An Additional Ten States Receive Federal Grants for Health Insurance Exchanges
Arkansas, Colorado, Kentucky, Massachusetts, Minnesota, Nevada, New Jersey, New York, Pennsylvania, and Tennessee are getting a total of $230 million in grant money to set up new health insurance exchange markets as detailed under President Barack Obama’s 2010 health care overhaul law, the Patient Protection and Affordable Care Act.
The Health and Human Services Department (HHS) awarded nearly $230 million to 10 states to help them establish insurance exchanges — new marketplaces to compare and buy healthcare policies. Although most Republican governors have railed against the healthcare law, several have also taken steps to establish their own exchanges and avoid the prospect of the federal government taking over the task.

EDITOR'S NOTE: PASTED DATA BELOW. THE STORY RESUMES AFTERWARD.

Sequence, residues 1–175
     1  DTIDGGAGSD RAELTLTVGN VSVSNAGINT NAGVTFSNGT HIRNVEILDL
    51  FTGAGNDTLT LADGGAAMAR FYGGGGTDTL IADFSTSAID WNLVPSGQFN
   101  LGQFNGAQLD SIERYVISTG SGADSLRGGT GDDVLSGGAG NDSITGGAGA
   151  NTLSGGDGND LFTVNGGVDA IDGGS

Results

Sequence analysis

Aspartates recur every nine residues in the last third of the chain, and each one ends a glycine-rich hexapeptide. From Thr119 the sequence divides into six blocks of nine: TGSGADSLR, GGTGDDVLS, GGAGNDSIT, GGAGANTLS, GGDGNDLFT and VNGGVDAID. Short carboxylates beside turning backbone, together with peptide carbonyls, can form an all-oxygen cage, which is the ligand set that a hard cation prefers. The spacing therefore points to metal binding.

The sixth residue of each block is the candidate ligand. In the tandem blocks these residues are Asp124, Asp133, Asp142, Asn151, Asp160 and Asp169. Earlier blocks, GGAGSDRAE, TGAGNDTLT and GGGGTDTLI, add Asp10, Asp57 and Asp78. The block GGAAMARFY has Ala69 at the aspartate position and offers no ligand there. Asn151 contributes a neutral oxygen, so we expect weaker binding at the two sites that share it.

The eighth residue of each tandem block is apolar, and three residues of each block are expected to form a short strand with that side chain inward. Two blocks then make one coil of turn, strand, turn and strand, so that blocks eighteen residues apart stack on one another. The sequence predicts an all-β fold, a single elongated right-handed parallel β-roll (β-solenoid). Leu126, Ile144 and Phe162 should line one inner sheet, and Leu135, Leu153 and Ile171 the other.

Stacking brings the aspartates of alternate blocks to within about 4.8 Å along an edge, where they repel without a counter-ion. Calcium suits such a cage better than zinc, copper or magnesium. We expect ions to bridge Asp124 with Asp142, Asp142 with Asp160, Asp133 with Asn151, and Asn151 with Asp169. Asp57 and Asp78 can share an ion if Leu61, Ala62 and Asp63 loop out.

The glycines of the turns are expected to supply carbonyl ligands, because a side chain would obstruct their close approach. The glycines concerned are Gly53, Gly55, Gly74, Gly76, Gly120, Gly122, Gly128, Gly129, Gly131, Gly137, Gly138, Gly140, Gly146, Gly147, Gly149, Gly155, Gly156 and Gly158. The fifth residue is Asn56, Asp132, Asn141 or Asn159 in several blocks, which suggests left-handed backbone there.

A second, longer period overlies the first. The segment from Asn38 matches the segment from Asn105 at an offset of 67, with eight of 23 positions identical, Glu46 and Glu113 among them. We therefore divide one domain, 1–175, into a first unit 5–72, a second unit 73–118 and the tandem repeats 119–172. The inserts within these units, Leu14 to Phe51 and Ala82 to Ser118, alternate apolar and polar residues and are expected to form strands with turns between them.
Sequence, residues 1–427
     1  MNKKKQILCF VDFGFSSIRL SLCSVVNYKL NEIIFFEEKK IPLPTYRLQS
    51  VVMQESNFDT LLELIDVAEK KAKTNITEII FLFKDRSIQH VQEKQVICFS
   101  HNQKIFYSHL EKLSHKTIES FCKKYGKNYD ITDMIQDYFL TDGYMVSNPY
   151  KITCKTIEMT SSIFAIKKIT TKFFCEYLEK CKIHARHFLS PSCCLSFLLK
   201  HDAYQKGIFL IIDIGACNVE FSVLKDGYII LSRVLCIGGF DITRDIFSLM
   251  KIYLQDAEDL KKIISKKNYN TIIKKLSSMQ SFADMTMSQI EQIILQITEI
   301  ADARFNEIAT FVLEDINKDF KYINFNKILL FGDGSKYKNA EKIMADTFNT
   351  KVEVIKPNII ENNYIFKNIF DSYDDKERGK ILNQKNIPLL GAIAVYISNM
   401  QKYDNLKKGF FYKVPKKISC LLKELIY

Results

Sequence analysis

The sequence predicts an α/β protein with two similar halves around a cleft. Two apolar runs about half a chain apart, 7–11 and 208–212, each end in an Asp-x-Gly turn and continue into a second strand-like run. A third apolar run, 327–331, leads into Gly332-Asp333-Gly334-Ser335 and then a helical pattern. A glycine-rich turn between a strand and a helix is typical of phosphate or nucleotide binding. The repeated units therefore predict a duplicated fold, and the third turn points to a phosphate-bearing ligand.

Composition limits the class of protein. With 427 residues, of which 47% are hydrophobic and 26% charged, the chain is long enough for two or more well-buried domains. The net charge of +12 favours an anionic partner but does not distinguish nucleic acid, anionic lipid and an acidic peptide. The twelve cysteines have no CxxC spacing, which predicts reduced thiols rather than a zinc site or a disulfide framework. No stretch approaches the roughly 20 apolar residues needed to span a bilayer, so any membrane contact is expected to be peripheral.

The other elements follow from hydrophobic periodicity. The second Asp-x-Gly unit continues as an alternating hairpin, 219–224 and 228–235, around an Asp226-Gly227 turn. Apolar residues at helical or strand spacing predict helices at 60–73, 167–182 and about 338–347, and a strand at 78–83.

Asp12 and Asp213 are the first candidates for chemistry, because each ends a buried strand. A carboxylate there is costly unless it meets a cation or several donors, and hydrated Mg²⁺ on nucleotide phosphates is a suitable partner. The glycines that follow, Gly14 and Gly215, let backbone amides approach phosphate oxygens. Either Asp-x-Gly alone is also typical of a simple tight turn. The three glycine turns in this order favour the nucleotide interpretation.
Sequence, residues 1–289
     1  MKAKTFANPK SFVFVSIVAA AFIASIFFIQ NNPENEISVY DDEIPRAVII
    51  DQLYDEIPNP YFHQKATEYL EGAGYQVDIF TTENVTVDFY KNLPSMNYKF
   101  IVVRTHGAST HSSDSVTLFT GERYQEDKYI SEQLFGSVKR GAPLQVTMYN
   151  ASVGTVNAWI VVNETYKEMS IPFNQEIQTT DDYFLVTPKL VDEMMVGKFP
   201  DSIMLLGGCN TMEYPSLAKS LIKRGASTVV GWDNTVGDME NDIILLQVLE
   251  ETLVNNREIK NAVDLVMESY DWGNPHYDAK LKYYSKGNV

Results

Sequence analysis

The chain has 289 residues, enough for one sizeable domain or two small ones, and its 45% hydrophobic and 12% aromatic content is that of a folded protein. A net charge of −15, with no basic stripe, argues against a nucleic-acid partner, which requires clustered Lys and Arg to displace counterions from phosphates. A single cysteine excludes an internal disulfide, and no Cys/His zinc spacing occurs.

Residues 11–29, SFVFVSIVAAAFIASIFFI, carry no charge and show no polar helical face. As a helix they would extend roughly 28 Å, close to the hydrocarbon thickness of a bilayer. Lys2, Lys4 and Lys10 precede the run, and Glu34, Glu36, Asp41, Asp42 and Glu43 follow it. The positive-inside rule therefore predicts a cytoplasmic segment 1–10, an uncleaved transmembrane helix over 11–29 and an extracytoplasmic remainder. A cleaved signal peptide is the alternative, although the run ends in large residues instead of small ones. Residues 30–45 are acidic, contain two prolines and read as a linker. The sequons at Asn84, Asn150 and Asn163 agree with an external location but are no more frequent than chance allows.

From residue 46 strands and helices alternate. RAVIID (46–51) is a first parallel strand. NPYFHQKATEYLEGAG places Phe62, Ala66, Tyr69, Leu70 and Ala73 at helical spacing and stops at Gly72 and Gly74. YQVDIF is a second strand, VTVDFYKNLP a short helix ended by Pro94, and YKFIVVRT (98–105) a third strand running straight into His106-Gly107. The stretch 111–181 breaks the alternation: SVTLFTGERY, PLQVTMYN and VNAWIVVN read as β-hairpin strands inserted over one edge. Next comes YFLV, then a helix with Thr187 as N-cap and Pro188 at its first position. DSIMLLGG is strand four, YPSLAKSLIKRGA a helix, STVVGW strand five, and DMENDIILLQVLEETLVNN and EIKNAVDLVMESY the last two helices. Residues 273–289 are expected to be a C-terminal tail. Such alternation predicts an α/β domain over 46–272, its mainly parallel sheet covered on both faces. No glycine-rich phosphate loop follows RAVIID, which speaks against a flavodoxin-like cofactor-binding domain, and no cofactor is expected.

The GOP-led states receiving healthcare grants Wednesday include New Jersey, where Gov. Chris Christie is a leader in the conservative movement and has been mentioned as a potential vice-presidential candidate. The Republican governors of Nevada, Pennsylvania and Tennessee also accepted grants, along with six Democrat-led states.
The healthcare law calls on each state to set up its own exchange and allows HHS to establish a fallback in states that don’t take action themselves. That threat has helped motivate some Republican governors to begin implementing the healthcare law even though they oppose it.
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